On the day that Alex Cameron QC became the first barrister to be recorded and filmed in an English law court, giving an eloquent and gently earnest display before the Court of Appeal in an effort to secure a reduced sentence for his counterfeiting client, Kevin Fisher, Alex’s brother and Prime Minister David Cameron, gave an equally eloquent if rather more earnest display at the summit of the Open Government Partnership on the subject of tax avoidance and tax evasion.
Ultimately, despite their lofty positions, neither Cameron demonstrated sufficient grasp of the law and relied upon arguments that are completely flawed in the hope people would be taken in by them.
Alex failed to convince the Appellate bench that seven years for his client’s role in what is thought to be the largest ever plot to make fake pound coins in the UK, was unduly harsh and the appeal was thrown out. David? Well, let’s pick up Richard’s summary…
What Mr Cameron cannot do, of course, is admit that he has no strategy whatsoever “to keep corporate taxes coming in”. He cannot admit to the essence of this paper on the Thin Cap Group Litigation, a case which makes it very clear that the EU’s three freedoms – capital, establishment and services – prevent any action on the part of national governments to prevent corporates offshoring their tax liabilities.
The government cannot possibly admit that the losses of such huge sums lost to the taxman are attributable to EU treaty law. Apart from anything else, it would destroy Mr Cameron’s carefully fabricated claims about the benefits of EU membership.
Perhaps the truth of it is that both Camerons understand the law very well indeed. But both of them, in their roles, deployed a mixture of smoke and mirrors, distraction and misdirection in an effort to conceal the reality of the situations from the judges and the British people respectively.
The Camerons, in their separate roles, are simply ducking and diving in a way that would put Del Boy and Rodney to shame. What we have are an extremely wealthy and privileged version of the Trotters, in wigs, gowns and sharp suits.
In very calculated fashion, David Cameron is trying to confuse people, by linking tax avoidance, which is perfectly legal and acceptable, and tax evasion, which is not. By appearing to clamp down on evasion, and further linking it to ‘money laundering’, he is trying to convince us that he getting to grips with public concerns.
But what has been concerning the public is tax avoidance, thanks largely to the demonisation efforts of various parliamentarians and media entities. They see money being earned by huge corporates. They see the revenues exceeding the costs. Then they see little or no corporation tax being paid on the profits made here, because the corporate is structured to pay royalties and levies to another part of the company based elsewhere in the EU – where only then are profits taxed, by that nation’s authorities, with those tax receipts going into that nation’s revenues rather than ours.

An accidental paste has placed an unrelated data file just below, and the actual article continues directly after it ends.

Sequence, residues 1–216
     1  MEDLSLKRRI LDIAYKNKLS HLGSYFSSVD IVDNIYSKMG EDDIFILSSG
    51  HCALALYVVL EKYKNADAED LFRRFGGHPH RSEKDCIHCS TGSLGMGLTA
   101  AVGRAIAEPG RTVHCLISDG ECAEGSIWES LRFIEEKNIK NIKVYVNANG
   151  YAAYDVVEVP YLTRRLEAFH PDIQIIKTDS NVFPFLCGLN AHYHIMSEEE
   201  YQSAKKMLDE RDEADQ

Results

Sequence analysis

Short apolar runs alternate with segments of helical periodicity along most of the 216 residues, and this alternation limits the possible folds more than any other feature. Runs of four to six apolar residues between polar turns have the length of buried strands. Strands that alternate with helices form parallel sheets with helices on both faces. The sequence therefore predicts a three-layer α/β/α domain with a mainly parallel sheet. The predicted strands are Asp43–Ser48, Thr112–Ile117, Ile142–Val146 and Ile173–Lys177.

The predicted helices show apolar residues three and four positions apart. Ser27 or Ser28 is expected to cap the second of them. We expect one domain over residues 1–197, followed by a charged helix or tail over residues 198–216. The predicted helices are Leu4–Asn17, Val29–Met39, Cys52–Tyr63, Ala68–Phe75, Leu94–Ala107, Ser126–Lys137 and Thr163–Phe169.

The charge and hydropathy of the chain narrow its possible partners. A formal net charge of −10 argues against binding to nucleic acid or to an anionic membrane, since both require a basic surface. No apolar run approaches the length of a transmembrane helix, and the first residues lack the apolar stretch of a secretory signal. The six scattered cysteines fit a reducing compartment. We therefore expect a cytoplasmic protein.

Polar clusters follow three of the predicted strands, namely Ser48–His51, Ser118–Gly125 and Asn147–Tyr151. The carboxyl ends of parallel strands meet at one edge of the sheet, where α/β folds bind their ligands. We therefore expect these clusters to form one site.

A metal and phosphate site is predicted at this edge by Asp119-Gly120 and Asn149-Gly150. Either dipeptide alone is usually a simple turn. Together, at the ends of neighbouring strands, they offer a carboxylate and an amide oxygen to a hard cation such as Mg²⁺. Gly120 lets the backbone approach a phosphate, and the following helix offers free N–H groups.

The reality is, as part of the European project’s objectives of eroding borders and creating a de facto single state, several freedoms were enshrined. These stop nation states from interfering with a company setting up entities anywhere in today’s EU, moving its money around the EU as it sees fit, and making payments (such as royalities and charges) between its various branches within the EU.
But on this reality, on this explanation as to why Amazon, Google, Starbucks etc, can make large profit on their activities in the UK without the UK Exchequer being able to tax it, David Cameron is doggedly, relentlessly and utterly silent. It is the truth that dare not speak its name. It destroys most of his argument about the economic benefits of EU membership – which are used as justification for accepting the erosion of sovereignty, the erosion of what little democracy we had, and submission to the will of unelected and unaccountable foreign structures and bureaucrats that make our national parliament and local government nothing more than an executive of the EU machine.
Multinational corporations may benefit, but it does little for the UK taxpayer. That isn’t something that plays well with ordinary people, who are expected to bear all the pain and sacrifices that have to be made to ensure the corporations and their political friends can enjoy the fruits of regulation they make in their own interest. That’s an admission Cameron will never make.